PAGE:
The yellow-legged Asian hornet, Vespa velutina, also known simply as the Asian hornet, is an invasive species from Asia and first arrived in Europe in 2004. It has spread into Spain, including the Island of Majorca, Portugal, Italy, Belgium, Germany Switzerland, the Channel Islands and the UK. Asian hornets are principally predators of insects, particularly pollinating insects, including honey bees. The fear is that hornet populations will have potentially serious consequences and impact on insect diversity in countries where it is now established.
The Asian hornet can be distinguished easily from our native hornet so it is important to learn the differences between the two. The first obvious differential feature is the abdominal colouration.
The Asian hornet is mostly black with a yellow/orange band towards the end of the body The extremities of the legs are yellow and it has an orange face. Sometimes, there can be a bit of variation in the colouring on the main part of the abdomen but as a rule of thumb, this is very reliable.
However, the European hornet resembles a large wasp and has a yellow and black striped abdomen, with some brown variation. It also has a brown thorax, which is the body part between the head and the lower body and holds the wings and brown legs. The face is yellow and brown and it is also the larger of the two hornets.
Where to report suspect sightings
If you ever suspect that you have caught or seen an Asian hornet there are several routes you can use to report your sighting. Even if you are in any doubt you should report any suspect sighting anyway. The avenues in which to report your sightings are as follows:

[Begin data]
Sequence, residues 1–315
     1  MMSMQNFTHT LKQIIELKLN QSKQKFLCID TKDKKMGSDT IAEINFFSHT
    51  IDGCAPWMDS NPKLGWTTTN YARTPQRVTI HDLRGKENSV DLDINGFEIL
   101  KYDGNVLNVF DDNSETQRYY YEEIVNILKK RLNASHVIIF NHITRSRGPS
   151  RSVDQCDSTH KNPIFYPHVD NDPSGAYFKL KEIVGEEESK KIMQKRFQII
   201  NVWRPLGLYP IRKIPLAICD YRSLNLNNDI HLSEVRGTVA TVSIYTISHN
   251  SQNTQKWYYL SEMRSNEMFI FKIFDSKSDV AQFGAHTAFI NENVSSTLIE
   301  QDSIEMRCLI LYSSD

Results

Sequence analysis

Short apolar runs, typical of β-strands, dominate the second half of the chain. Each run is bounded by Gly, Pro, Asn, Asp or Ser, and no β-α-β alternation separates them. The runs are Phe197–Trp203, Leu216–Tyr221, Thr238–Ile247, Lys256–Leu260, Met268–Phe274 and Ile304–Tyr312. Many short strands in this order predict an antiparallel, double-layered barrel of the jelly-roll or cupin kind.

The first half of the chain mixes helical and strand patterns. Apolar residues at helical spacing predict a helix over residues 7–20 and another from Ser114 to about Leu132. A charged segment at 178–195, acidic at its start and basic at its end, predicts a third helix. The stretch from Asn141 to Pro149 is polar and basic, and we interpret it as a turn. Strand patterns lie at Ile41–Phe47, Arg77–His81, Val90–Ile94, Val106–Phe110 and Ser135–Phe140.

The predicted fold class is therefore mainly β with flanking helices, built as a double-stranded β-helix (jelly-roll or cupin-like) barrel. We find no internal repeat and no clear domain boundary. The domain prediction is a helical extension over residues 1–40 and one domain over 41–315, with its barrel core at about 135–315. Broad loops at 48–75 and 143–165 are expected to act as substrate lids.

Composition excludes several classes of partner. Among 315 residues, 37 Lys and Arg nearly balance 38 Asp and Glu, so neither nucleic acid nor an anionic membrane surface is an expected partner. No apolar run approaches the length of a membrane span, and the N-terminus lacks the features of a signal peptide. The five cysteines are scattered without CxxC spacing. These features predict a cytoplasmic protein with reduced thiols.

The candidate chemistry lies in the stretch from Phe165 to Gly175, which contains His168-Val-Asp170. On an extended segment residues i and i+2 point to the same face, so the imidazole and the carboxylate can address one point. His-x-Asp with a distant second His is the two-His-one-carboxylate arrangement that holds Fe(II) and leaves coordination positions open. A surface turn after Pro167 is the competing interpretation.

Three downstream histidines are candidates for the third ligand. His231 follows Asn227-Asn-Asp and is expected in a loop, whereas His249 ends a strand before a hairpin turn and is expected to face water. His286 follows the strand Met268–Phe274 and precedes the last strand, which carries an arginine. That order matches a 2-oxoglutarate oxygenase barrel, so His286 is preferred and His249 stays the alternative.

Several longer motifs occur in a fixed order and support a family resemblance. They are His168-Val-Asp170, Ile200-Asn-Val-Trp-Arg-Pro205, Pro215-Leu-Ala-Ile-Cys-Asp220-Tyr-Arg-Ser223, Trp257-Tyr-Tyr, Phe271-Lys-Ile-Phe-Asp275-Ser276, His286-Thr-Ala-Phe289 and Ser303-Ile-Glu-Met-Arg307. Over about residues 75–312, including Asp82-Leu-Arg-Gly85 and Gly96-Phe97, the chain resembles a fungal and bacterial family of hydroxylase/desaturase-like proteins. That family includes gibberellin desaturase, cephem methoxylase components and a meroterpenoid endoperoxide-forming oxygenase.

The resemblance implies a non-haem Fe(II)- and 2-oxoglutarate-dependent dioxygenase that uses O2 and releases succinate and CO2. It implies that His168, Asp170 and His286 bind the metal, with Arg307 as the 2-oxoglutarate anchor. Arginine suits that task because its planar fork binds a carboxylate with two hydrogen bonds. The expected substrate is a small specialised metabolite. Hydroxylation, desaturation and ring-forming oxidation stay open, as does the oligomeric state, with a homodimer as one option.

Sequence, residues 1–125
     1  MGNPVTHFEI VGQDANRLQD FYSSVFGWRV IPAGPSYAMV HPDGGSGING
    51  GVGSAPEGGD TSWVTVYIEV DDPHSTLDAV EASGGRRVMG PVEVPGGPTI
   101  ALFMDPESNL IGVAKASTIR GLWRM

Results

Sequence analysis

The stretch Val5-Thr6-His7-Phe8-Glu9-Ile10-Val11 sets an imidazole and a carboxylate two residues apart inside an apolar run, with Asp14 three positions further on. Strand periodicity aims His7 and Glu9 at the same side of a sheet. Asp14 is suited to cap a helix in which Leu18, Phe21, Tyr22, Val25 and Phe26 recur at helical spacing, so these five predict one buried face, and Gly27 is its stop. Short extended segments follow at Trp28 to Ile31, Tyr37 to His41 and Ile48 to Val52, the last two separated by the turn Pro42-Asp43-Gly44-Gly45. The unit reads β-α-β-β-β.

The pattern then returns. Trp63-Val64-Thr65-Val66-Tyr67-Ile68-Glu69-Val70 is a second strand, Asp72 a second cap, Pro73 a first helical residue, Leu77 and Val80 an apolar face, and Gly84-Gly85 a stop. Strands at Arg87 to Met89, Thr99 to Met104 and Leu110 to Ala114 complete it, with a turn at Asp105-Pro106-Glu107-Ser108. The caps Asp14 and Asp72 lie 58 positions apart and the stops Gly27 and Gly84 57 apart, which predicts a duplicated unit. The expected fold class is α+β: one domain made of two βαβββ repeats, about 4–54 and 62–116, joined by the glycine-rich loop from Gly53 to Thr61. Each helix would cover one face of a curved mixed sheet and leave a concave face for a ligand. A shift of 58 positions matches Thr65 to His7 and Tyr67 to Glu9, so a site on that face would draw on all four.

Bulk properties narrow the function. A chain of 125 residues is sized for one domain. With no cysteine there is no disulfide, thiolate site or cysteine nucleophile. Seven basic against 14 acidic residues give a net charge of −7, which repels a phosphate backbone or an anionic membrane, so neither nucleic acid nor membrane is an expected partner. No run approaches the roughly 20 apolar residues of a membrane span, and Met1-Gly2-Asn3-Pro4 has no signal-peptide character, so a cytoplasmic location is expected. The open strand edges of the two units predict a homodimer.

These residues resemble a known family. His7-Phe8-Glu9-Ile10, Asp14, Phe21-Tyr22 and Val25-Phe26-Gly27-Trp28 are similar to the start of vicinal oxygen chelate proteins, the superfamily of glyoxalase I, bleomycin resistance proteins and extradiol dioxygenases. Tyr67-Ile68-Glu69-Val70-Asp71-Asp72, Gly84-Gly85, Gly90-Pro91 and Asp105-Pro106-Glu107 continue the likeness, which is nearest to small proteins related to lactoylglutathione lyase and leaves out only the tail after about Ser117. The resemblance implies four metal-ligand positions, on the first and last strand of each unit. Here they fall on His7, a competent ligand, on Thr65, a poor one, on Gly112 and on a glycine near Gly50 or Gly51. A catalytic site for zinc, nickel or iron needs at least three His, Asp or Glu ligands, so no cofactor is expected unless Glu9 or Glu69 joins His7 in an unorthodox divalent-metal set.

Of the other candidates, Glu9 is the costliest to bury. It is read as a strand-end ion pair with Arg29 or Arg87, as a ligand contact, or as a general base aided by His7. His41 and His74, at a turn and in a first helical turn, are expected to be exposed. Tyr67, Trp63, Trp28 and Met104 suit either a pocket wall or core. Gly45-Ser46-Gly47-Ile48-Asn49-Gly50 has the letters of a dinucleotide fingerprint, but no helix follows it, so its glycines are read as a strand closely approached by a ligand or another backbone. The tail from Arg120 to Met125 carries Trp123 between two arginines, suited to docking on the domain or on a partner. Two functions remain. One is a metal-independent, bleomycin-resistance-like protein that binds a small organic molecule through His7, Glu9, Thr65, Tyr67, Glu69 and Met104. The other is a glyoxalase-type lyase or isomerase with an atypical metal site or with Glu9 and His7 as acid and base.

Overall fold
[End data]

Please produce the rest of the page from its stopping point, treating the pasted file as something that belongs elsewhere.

The online form
The online recording form can be found at http://www.brc.ac.uk/risc/alert.php?species=asian_hornet
‘Asian hornet watch’ app and email
For those who want to submit a suspect hornet sighting with their smart phone or tablet, we have developed a smartphone app for Androids and iOS. The app also uses GPS which allows the user to submit the exact location of their finding, allowing any confirmed sightings to be followed up quickly and efficiently.
Alternatively, you can submit your sighting by email. When doing so, please include as much information as possible, including where you saw the sighting, name, contact number/ address and if possible an image. Send your sightings to:
All records received are reviewed by entomologists at Centre of Ecology and Hydrology and credible records passed on to Animal and Plant Health Agency, at the National Bee Unit and the GB Non Native Species Secretariat (NNSS) for further investigation.
Resources and alert material
There is a wealth of useful material on BeeBase and the NNSS website to help you identify whether you have spotted or trapped an Asian hornet. This includes alert posters, ID sheets and further information on how to submit your sighting. Go to either:
If you would like to know anything more about the Asian hornet then do not hesitate to contact us by email or phone:
Phone: 0300 3030094
We would be happy to provide you with ID sheets and posters which you can then post in your local shops or garden centres.